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Monthly Archives: March 2011
Sunday 13th March, 2011Posted by on
Whenever I meet a girl and we hit it off, it’s usually not long before I am placed in the “just good friends” category. We’ll sit at lunch having immensely enjoyable conversation and it won’t be long before the girl will bemoan her singledom and how she just can’t find a good man. I sit there wondering, “well what’s so wrong about me?”. To use the old Joan Rivers line, “What am I? Chopped Liver?”
Sometimes I’ll raise the subject saying that I too am available and how we could give it a go, after all we already get on like a house on fire. The answer always comes back, “I don’t see you in that way”. Time and time again it happens. I just can’t start talking to a girl without being shunted into the no-sex box, as though I’m an honorary eunuch. The ‘safe’ person they can be with and never feel that my perfectly-functional man-bits could come into play. Maybe they think of me like Barbie’s Ken. Just an accessory with nothing under the underwear. But we ‘love’ each other in that friendship way. No-one could come between us, right? They then go off with a complete bastard who doesn’t give a damn about them. C’est la vie.
But can friends have sex without emotional ties? I once house-shared with a couple of girls and one of them told me I could be her ‘tap’. We would sneakily have night-time assignations without the knowledge of the other girl (they were bosom pals). It was purely a physical thing, I was just there for when there was no guy in her life.
I have on occasion been with a friend on a drunken night out where one thing has led to another. The same thing happens: the sex is great, we both enjoyed it and… the next morning, the cold light of day (literally) seems to render the physical act an abhorrence (to her). There’s the avoided gaze, the retreat to several feet away. It’s clear guilt/shame. How could they have done something so wrong? With him? Urgh, what were they thinking? The great sex has been negated. It never happened, ok? A good thing has become a deep dark nasty secret.
I have a friend who is very sexually motivated. I’ve known her for years and we have had no-strings sex. It worked out well. Due to large distance it hasn’t been repeated, but she is unscarred by it. We still talk regularly, nothing has changed. Could it be that emotional maturity is the key? If we can accept it just as a bit of pleasure and enjoyment, would that make it ok? Who doesn’t enjoy an orgasm? You know how good it feels.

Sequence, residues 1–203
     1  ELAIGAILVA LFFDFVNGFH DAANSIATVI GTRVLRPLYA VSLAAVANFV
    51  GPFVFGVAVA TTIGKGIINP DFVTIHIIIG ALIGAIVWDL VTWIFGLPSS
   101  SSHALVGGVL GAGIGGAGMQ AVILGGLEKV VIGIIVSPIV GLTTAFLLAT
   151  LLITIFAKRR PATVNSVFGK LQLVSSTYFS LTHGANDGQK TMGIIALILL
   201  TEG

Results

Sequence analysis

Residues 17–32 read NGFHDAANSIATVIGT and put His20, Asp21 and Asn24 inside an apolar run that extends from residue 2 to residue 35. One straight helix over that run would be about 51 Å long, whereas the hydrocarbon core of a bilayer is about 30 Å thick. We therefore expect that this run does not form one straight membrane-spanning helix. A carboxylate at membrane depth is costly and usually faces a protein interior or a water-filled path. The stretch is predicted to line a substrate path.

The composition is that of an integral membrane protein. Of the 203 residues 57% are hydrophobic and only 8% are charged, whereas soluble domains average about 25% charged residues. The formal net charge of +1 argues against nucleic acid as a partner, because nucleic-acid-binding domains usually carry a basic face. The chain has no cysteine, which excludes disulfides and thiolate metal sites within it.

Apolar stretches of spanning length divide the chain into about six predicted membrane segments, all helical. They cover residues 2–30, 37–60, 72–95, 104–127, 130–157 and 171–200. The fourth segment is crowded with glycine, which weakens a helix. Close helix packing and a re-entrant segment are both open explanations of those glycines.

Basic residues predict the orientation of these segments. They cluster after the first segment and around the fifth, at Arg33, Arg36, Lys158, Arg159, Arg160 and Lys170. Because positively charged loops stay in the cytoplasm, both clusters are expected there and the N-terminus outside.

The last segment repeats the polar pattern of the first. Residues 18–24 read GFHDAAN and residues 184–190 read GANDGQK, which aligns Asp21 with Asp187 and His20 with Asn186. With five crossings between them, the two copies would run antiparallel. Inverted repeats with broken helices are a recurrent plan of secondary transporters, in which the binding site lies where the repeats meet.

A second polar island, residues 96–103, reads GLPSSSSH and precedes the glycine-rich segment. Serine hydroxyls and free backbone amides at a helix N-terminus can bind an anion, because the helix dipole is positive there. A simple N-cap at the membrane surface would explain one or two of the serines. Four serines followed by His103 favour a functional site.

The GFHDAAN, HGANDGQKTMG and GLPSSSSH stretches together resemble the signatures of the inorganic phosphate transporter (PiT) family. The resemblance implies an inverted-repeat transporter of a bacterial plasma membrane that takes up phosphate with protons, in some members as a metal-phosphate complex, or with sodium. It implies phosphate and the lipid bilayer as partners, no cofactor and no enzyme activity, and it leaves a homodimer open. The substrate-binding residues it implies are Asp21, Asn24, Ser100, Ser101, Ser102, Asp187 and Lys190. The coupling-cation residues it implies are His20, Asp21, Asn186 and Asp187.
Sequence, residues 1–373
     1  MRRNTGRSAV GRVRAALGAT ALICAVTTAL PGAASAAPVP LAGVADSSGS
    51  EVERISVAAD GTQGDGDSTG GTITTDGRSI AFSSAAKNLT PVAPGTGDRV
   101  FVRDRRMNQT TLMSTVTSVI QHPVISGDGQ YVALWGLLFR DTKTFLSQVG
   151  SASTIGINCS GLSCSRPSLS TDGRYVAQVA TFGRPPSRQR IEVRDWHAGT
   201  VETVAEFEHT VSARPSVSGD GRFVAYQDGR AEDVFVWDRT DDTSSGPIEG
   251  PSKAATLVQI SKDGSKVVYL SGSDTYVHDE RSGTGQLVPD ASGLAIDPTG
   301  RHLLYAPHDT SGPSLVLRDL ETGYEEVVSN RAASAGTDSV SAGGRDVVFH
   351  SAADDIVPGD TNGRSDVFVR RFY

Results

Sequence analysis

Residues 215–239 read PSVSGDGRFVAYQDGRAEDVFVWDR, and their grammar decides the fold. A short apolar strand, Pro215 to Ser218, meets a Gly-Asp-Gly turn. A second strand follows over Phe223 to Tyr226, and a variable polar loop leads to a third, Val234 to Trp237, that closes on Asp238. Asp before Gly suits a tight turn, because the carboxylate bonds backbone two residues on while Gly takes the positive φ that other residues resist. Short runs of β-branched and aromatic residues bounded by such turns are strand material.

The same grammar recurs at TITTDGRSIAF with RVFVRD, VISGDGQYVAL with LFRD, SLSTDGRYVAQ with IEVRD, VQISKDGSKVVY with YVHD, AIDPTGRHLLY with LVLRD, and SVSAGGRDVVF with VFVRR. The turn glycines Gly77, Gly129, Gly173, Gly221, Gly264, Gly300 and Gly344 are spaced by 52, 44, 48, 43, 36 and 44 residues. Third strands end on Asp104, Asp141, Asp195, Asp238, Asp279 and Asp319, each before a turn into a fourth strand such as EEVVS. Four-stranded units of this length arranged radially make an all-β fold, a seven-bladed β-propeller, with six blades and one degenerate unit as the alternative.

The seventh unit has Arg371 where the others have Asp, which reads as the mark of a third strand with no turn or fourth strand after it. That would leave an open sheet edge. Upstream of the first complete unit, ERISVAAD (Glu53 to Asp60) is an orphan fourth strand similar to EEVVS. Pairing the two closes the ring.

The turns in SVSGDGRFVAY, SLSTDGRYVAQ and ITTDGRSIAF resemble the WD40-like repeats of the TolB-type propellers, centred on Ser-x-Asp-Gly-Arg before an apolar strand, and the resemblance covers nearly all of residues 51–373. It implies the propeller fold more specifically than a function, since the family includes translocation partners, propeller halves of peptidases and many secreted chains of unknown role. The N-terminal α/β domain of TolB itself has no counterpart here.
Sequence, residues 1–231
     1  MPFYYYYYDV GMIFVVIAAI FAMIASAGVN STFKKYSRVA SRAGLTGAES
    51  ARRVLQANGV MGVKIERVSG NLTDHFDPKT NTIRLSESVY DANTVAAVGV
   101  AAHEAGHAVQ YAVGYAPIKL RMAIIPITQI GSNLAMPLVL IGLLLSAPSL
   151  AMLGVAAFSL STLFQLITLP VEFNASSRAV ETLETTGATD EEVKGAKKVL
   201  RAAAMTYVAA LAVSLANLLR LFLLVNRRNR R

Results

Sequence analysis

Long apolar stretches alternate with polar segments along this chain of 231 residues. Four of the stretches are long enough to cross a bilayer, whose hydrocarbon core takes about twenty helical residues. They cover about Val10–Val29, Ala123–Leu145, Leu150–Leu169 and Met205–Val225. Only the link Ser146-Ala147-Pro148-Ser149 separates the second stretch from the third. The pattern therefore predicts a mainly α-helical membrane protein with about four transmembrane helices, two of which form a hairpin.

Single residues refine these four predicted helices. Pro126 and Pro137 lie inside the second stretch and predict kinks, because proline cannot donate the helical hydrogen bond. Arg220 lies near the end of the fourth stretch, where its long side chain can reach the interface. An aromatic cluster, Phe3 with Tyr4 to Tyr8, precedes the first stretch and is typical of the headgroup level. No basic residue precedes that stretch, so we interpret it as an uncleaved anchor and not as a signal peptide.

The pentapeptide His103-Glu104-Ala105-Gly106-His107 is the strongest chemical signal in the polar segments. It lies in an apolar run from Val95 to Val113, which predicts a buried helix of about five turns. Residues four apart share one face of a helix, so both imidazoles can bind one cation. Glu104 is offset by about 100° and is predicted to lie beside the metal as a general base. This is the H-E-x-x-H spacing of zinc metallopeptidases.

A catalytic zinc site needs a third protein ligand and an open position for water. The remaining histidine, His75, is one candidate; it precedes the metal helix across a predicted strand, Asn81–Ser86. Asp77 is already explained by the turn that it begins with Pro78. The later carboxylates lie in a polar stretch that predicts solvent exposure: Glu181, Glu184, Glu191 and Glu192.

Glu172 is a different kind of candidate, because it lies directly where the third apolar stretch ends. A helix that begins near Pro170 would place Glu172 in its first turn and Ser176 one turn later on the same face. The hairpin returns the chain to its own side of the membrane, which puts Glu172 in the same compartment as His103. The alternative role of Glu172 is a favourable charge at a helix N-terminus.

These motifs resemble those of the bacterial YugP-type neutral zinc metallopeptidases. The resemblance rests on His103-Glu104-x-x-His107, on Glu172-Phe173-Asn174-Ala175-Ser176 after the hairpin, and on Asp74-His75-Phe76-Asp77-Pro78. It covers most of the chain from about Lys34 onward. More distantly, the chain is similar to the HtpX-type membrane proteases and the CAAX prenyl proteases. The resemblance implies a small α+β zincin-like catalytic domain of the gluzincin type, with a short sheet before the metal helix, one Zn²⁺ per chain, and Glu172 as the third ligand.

How often have you heard a married perso say their spouse is “my best friend”? Let’s blur the boundaries a bit and get rid of some of our self-imposed restrictions.
I’m open to discussion on this. Please leave comments (the lengthier the better).
Friday 11th March, 2011Posted by on
I’m beginning to feel like a prude.
I think I should state that I grew up on a council estate. “We were poor but we were happy”. If you had pudding with your tea (dinner for you middle-class people) some nights then that was considered a luxury. There was a neighbour just down the road who had a car with no wheels up on those little ramp things under each axle. Stray dogs and yellow dog poo. Yes, yellow. Front lawns that looked as though they hadn’t ever been watered. Playing football using the trees as goalposts. Get the picture?
Yes, we were poor, some of our friends had rough families and we’d often tease each other with references to fleas. We were crude, we were not couth. If we were round someone else’s house we’d say Please and Thank You to their parents. Think Kevin and Perry. “yes, Mrs Patterson.” We had manners.
But what none of us dared ever do was swear in front of our parents. Such swearing we did was sporadic and infrequent. And what we very very very rarely said was the C-word. It was just one of those unspoken taboos. We knew it was very bad, we knew there was no need for it. The F-word was fine, who needed a nuclear option?